Flat lens offers a perfect image for telecom systems
August 27, 2012
At a mere 60 nanometers thick, the flat lens is essentially two-dimensional, yet its focusing power approaches the ultimate physical limit set by the laws of diffraction.
Operating at telecom wavelengths (from near-infrared to up to terahertz wavelengths, the range commonly used in fiber-optic communications — but not visible light), the new device is completely scalable and simple to manufacture.
“We’re presenting a new way of making lenses,” says principal investigator Federico Capasso, Robert L. Wallace Professor of Applied Physics and Vinton Hayes Senior Research Fellow in Electrical Engineering at SEAS.
“Instead of creating phase delays as light propagates through the thickness of the material, you can create an instantaneous phase shift right at the surface of the lens.”
Capasso and his collaborators at SEAS create the flat lens by plating a very thin wafer of silicon with an nanometer-thin layer of gold. Next, they strip away parts of the gold layer to leave behind an array of V-shaped structures, evenly spaced in rows across the surface. When Capasso’s group shines a laser onto the flat lens, these structures act as nanoantennas that capture the incoming light and hold onto it briefly before releasing it again. Those delays, which are precisely tuned across the surface of the lens, change the direction of the light in the same way that a thick glass lens would, with an important distinction.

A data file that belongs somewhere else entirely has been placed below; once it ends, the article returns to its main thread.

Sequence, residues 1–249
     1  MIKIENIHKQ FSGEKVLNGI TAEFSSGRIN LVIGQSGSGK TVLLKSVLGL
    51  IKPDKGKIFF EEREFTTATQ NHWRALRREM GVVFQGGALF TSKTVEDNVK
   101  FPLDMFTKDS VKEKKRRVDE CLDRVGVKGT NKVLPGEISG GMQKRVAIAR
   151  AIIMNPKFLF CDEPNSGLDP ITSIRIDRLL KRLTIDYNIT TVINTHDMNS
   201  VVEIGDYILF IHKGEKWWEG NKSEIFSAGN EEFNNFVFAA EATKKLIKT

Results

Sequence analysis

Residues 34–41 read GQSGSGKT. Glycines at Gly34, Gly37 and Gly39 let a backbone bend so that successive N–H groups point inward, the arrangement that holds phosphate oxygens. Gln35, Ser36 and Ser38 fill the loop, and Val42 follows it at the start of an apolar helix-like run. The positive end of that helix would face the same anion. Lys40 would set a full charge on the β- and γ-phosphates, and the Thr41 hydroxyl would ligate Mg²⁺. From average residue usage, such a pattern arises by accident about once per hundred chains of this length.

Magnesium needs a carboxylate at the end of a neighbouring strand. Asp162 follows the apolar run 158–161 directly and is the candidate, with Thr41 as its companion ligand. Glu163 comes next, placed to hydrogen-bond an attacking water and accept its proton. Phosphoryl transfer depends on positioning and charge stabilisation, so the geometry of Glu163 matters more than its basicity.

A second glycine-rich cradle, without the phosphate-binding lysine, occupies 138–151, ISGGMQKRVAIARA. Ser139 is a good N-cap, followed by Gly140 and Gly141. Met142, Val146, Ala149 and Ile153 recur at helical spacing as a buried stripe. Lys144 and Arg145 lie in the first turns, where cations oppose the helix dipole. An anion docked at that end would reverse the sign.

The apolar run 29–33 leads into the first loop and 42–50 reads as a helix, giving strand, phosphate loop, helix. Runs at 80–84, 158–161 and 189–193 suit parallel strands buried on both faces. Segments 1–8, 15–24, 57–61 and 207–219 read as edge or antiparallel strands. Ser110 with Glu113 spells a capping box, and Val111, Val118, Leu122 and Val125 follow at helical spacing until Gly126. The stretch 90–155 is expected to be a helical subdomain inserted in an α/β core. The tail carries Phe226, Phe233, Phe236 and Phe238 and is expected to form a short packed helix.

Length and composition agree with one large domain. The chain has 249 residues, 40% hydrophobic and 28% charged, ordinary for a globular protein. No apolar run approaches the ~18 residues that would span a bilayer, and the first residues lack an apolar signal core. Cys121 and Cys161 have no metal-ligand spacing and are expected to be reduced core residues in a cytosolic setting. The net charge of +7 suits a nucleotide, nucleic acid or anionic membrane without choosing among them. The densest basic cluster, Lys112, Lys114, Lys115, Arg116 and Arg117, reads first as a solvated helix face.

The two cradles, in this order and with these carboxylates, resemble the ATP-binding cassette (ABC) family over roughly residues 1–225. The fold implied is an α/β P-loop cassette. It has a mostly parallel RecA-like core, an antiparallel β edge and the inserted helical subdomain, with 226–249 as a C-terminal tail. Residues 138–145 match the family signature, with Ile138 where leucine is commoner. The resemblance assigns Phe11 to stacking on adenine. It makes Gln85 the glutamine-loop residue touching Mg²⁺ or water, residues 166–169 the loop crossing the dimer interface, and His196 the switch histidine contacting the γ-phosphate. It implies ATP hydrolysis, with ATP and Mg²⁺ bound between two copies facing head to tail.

The flat lens eliminates optical aberrations such as the “fish-eye” effect that results from conventional wide-angle lenses. Astigmatism and coma aberrations also do not occur with the flat lens, so the resulting image or signal is completely accurate and does not require any complex corrective techniques.
The array of nanoantennas, dubbed a “metasurface,” can be tuned for specific wavelengths of light by simply changing the size, angle, and spacing of the antennas. “They may become particularly interesting in the mid-infrared, the terahertz, and those ranges of frequencies where transparent refractive materials are harder to find, compared to the near-infrared and the visible,” according to the researchers.
“In the future we can potentially replace all the bulk components in the majority of optical systems with just flat surfaces,” says lead author Francesco Aieta, a visiting graduate student from the Università Politecnica delle Marche in Italy.
UPDATE 8/27/2012 from Federico Capasso: “The lens is scalable to single visible-light wavelengths (colors), but we would use a metal with lower optical losses than gold, such as silver. So far, the lens is not broadband in the sense of negligible chromatic aberrations, but with other designs we have in mind it should also be possible to use it for broadband light (white light). For a pattern with very high spatial frequencies (“super oscillation” or lots of detail in the image) one could go, say, a factor of 2 below the Rayleigh limit (diffraction limit) in spatial resolution at visible wavelengths.
“The lens can also be easily scalable in the far IR (up to 100 to 300 microns). Because there are not too many good refractive materials for ordinary lenses in these wavelength ranges, our approach can also have a major impact there.”